New executive chef at Boston’s 49 Social, Brian Miller, talks about his favorite kitchen tools

New executive chef at Boston's 49 Social, Brian Miller, talks about his favorite kitchen tools

*Brian Miller is the new executive chef at Boston’s 49 Social. Located at 49 Temple Place in downtown Boston, 49 Social mixes French and Italian flavors with a friendly atmosphere. Some of their dishes include tasty takes on regional favorites like New England clam chowder, as well as more complex dishes like duck breast and seared scallops. Miller talked to Designer Appliances about how he got to the restaurant and which kitchen toys are his favorite when he’s cooking at 49 Social or just staying at home. *

Brian, how did you get started on the road to being the executive chef at 49 Social?
I got a little bit of a late start for the industry after going to a liberal arts college in upstate New York. I graduated from Hartwick College with a major in business with my main focus being the restaurant industry.

I moved to Miami after school to go through the motions of a new restaurant opening with the guidance of my godfather, John Elmasry. I worked my way around different positions to get a feel for the business, but once I started in the kitchen there was no turning back.

I received an associate degree in culinary arts from Le Cordon Bleu, Miami with the highest of honors while working at Christabelle’s Quarter. From there I was determined to work hard and learn as much as I could from some of the best on the East Coast. I worked with James Beard winners and semifinalists, like Dean James Max and Jeremy Ford at 3030 Ocean in Florida, decorated chef and restaurateur Jamie Mammano at Sorellina in Boston, James Beard-winner Barbara Lynch at her Relais and Chateaux property at Menton, and, before taking helm at 49 Social, I worked at the newest addition from the Aquitaine Group, Cinquecento as the executive sous chef.

I started here at 49 Social Feb. 2, 2014, and I have just switched over to the new menu. We have taken a new approach to the concept, offering more small plates and focusing on classical French technique with a blend of Italian and French flavors.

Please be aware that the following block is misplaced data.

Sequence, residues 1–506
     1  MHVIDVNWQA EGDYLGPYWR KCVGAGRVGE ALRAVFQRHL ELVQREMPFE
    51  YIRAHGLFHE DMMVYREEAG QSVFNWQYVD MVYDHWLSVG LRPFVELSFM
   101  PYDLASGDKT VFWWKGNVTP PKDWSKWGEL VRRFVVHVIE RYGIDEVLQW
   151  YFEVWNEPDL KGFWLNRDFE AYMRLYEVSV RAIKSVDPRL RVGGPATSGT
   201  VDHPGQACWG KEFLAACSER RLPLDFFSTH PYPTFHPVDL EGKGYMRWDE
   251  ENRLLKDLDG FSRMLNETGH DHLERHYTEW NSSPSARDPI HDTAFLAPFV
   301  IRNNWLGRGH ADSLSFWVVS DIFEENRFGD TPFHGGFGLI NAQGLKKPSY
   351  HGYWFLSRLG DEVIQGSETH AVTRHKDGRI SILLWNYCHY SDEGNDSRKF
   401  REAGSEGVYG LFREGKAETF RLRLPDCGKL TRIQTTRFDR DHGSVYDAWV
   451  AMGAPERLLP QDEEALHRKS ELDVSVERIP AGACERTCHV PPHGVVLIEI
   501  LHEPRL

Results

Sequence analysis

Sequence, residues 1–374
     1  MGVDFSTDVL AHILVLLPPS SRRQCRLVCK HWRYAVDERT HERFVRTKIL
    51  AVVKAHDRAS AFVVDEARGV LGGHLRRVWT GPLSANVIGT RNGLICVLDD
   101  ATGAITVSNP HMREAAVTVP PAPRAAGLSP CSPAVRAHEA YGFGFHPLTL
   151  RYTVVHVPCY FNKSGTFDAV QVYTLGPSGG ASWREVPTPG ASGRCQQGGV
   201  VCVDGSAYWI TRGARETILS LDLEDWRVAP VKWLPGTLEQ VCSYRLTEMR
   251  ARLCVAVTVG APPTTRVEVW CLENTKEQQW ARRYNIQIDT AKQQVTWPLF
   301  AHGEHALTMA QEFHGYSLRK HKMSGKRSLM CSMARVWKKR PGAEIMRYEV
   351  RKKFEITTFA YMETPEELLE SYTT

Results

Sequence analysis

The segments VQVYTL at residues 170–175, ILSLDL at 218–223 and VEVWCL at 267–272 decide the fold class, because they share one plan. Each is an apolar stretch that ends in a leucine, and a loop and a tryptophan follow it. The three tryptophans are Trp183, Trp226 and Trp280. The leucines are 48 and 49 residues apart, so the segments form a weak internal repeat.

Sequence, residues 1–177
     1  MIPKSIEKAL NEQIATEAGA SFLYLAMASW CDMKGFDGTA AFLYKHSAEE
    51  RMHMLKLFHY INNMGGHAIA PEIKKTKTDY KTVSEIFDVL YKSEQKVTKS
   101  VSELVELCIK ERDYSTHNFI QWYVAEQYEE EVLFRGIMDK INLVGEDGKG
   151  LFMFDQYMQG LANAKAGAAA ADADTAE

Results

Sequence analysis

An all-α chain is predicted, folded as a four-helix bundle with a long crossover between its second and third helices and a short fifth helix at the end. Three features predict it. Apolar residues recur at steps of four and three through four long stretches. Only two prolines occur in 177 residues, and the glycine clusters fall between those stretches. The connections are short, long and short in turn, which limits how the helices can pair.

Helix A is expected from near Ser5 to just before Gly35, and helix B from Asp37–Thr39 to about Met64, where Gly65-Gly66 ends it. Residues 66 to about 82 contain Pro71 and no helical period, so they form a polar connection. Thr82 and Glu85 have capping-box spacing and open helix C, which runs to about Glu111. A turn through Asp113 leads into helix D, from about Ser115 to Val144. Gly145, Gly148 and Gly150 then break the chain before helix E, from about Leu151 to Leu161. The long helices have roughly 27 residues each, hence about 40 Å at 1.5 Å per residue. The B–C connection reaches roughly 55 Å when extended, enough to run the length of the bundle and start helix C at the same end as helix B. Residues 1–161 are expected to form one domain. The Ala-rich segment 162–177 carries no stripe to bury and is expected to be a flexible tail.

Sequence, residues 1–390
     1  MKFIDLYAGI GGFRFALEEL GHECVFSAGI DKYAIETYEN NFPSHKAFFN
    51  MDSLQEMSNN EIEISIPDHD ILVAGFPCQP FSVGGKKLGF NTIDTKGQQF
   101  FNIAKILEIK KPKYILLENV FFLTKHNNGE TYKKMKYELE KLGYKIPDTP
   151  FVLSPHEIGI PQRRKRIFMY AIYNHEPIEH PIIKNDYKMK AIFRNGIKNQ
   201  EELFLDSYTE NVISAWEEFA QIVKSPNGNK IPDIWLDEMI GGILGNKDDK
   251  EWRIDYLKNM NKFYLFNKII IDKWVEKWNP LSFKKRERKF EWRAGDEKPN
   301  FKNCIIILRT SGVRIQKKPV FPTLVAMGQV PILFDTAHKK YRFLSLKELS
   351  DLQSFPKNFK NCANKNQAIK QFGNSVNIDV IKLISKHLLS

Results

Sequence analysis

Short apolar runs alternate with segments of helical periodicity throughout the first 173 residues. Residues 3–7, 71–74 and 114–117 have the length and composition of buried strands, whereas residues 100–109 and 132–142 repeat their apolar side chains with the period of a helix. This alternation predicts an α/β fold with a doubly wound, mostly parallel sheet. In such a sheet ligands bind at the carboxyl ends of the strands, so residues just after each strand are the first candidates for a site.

With all your access to professional cooking appliances, what tools do you love the most in your own home?
Something I can’t or almost refuse to cook without is a good knife. Having something with a good edge to make a nice cut or slice is a must-have for me. I have a Masamoto carbon steel 7-inch chef’s knife at home that got pushed to the side when I got the 9-inch version to replace it in my knife kit.

What can you not live without?
Again, my knives are my babies.

Using the right knife for the right job is key – a slicer, a chef’s knife, a petty, a paring, a tourne. They’re all equally important and serve different jobs. I have a Masahiro slicer, Masamoto chef’s knife, Mac petty, Mac paring and a Messermiester tourne.

What appliance would you own if price and space weren’t considerations?
If I could, I would have a Vitamix blender in my home. Nothing compares to a Vitamix. For purees, soups, some sauces, the only piece of equipment is a Vitamix. It’s a MUST-have in a professional kitchen and something I would love to have at home.

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SIDENOTE. This post was last modified on September 19, 2018. However, we regularly update our content as we test more products and new models are released. We also listen to the feedback of our customers and make changes to our product recommendations based on their experiences. So don’t be surprised if you see some old comments below! Since reader comments contribute to the topic, we have decided not to delete them.

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